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    Success of ‘going negative’ changes campaign strategies
    New Dole Institute fellows make study session plans
    August 24th, 2007 under Uncategorized. [ Comments: none ]

    clift.jpg(From Lawrence-Journal World)

    Sit Jennifer Schmidt down in a room and ask her to talk about politics, and the conversation will span a range of locations and topics.

    There’s her experience as a staffer in the Statehouse in Topeka. And her time as a legal counselor on Capitol Hill in Washington, D.C. She has funny stories and amusing anecdotes, and Schmidt, one of two new fellows at Kansas University’s Dole Institute of Politics, is hoping to round those up and use them in her study session “Women in Politics: Career Stories.”

    “As a teacher and a practitioner, the question I got was, How do I get involved?” she said. “How do I do it?”

    Schmidt’s study group runs from September through mid-October.

    So far, Schmidt has been busy visiting classes at KU, trying to drum up interest among students. She said she’s already heard from a number of community members and politically active Kansans who want to attend.

    “I’m heartened by the interest among people who have found out about this,” she said. “We’re now three or four generations beyond the people I know, and they’re calling, telling me they can’t wait to come.”

    Though she’s “the Republican fellow,” Schmidt said she was working especially hard to ensure her events appeal to members of both political parties. The Dole Institute always selects one Republican and one Democrat for its fellowship program.

    She hopes to provide information about all the possible jobs in politics.

    Read more »

    Some Perils of Political Interactivity
    August 2nd, 2007 under Uncategorized, 2008 Presidential Race, Blogs in the News, Blogging & Politics. [ Comments: 1 ]

    I just finished my final draft of Blogwars: The New Political Battleground (Oxford University Press). It’s a book on the history, present and future of the role of the weblog in American politics. 

    As I have said, writing a book on blogs is like reporting NASCAR with stone tablets–so much happens so fast. One topic of current interest is the nature of interactivity: what are its benefits and drawbacks for politicians or for the public? In the bloglands, you can’t pack the rooms with your supporters, shut out hecklers, and enforce message discipline. Here are some examples of interactive blowback…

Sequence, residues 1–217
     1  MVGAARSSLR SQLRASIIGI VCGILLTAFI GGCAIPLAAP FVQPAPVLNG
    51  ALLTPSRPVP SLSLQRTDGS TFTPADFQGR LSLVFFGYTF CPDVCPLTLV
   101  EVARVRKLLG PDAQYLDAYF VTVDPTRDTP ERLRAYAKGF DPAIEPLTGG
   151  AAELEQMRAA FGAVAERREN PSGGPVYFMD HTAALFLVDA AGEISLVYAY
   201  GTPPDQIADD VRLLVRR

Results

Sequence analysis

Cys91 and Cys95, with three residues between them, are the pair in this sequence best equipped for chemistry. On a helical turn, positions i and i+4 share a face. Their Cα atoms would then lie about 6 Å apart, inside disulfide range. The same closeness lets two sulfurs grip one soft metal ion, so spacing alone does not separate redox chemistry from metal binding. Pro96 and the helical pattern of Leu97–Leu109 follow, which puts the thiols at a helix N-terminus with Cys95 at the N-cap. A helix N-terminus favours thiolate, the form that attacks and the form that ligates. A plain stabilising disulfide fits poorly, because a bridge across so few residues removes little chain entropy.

Read more »


    The Dole Institute of Politics is a bipartisan facility. Our mission; to encourage political and civic involvement, especially among young people; to encourage civil discussion on important issues; to emphasize that politics is an honorable profession; and to provide opportunities for all to interact with political leaders, practitioners and writers.
    While content on the blog will be moderated, we in no way wish to stifle vigorous debate. We request that participants engaging in the online discussion avoid personal, vitriolic attacks, and maintain respect for different opinions.
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    A Summary of the 2006 Blogger-Reader Survey

    Fall 2006 Blogger/Reader Survey Details and Research Reports
    In December of 2006 Dr. Dhavan Shah of the University of Wisconsin and his “Blogclub” of graduate students and Dr. David D. Perlmutterof the University of Kansas conducted a survey of major political blogs and their readers. The project was partially sponsored by a grant from the Knight/Carnegie Foundation’s Future of Journalism initiative. The summary of the results are posted here--please fully cite us if you refer to the findings.

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